Until I heard Brenè Brown make mention of this, I’ve never really considered the difference between fitting in and belonging somewhere. In fact, I think I’d always assumed they’re the same.
But when I think about it… they’re so clearly not.
As Brenè tells us, ‘In fact, fitting in is one of the greatest barriers to belonging. Fitting in is about assessing a situation and becoming who you need to be in order to be accepted. Belonging, on the other hand, is doesn’t require us to change who we are; it requires us to be who we are.”
Does this definition ring true for you? It certainly does for me. Fitting in – or rather not fitting in – conjures up memories of high school, uni, teaching placements and a myriad of other social interactions in which I felt that I couldn’t be myself; that I had to present myself in a certain way, in order to feel ‘enough.’
Looking back, with irony, I see that even when I was successful here – even when I pulled it off – it didn’t feel good.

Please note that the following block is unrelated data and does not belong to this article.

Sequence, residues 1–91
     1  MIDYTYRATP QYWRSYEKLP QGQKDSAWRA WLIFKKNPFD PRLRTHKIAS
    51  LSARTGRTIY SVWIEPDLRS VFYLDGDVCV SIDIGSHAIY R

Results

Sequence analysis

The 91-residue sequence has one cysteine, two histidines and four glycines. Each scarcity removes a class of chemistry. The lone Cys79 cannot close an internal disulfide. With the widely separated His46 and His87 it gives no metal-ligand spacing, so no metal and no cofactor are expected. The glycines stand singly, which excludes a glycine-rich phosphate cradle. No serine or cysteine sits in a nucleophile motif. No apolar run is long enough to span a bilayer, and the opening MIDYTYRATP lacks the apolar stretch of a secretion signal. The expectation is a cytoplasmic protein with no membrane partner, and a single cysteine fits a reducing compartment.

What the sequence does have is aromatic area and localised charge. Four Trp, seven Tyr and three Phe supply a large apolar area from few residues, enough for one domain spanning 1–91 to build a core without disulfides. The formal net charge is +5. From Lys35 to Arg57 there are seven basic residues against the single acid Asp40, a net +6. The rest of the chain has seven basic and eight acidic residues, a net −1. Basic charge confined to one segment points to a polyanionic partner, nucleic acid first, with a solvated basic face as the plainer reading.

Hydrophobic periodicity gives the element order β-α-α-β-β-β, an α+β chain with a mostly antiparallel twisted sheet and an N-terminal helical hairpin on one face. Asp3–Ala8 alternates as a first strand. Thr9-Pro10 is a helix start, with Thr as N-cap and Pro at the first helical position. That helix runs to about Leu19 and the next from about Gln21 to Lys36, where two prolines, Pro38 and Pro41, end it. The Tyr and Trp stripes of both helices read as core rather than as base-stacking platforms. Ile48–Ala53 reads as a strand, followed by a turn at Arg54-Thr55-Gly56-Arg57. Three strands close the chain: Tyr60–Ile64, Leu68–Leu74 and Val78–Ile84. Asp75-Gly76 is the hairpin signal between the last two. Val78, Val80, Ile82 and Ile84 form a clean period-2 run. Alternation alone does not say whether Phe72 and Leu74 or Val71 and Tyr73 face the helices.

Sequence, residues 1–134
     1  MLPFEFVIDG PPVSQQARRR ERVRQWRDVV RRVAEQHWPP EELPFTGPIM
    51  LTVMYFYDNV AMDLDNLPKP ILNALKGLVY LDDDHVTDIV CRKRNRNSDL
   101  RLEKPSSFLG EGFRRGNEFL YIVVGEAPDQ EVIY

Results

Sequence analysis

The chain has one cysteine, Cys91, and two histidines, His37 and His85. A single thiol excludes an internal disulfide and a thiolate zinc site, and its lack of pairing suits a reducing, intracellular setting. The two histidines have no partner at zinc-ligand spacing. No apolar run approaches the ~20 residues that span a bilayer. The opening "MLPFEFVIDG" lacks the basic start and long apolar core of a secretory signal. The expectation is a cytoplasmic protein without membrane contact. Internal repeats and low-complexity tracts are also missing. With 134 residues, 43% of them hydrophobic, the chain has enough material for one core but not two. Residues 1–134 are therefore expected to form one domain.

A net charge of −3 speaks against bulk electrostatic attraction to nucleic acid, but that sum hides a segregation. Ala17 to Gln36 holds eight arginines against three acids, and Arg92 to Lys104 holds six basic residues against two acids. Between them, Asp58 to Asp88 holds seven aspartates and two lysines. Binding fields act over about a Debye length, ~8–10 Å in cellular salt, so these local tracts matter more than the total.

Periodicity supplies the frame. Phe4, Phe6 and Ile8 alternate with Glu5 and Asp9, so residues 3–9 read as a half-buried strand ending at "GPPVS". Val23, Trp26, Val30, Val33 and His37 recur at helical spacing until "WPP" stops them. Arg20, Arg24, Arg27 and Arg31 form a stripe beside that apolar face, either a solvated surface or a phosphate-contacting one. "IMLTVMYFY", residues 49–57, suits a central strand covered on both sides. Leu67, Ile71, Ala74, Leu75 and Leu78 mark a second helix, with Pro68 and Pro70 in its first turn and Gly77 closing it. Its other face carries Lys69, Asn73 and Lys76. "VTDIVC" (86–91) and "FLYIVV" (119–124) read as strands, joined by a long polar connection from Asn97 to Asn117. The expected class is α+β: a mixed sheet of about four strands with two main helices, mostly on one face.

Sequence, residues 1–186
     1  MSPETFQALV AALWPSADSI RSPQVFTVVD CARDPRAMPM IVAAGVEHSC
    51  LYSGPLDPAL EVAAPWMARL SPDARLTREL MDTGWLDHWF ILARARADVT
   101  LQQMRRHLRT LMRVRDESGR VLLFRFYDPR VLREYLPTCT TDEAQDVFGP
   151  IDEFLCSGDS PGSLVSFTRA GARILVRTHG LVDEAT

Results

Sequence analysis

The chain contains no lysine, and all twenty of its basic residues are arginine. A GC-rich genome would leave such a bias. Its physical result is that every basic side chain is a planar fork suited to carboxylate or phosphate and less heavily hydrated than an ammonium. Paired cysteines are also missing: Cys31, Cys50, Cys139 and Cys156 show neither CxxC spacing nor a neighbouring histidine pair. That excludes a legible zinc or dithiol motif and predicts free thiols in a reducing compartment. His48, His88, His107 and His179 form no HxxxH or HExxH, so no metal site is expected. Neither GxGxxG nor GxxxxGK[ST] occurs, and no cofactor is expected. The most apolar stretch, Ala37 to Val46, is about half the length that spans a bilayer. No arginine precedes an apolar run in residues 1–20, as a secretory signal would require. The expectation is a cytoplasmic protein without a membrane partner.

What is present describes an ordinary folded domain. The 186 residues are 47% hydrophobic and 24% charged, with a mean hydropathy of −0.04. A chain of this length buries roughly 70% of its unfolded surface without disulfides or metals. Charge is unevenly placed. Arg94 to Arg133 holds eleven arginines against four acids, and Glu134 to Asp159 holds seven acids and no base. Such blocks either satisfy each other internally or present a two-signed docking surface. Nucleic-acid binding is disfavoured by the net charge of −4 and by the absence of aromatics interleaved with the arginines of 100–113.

Trying to fit in, doesn’t feel good, even if you manage it.
Today, I see that I have a much greater sense of belonging in my life. I’ve cultivated friendships and relationships and a career, that allows me to be myself much more often.
Of course, I do fall victim to trying to fit in sometimes. When I’m awkward at social gatherings, it’s my hardwired habit to say what someone wants to hear, or not say what I’m really thinking and feeling for fear of the reaction it will cause.
But I’m working on it.
I’m working on it in the knowledge that trying to fit in is corrosive to my own self-esteem; that I can’t successfully fake being someone else, without at the same time stripping away at my authentic self, which is at the core of belonging.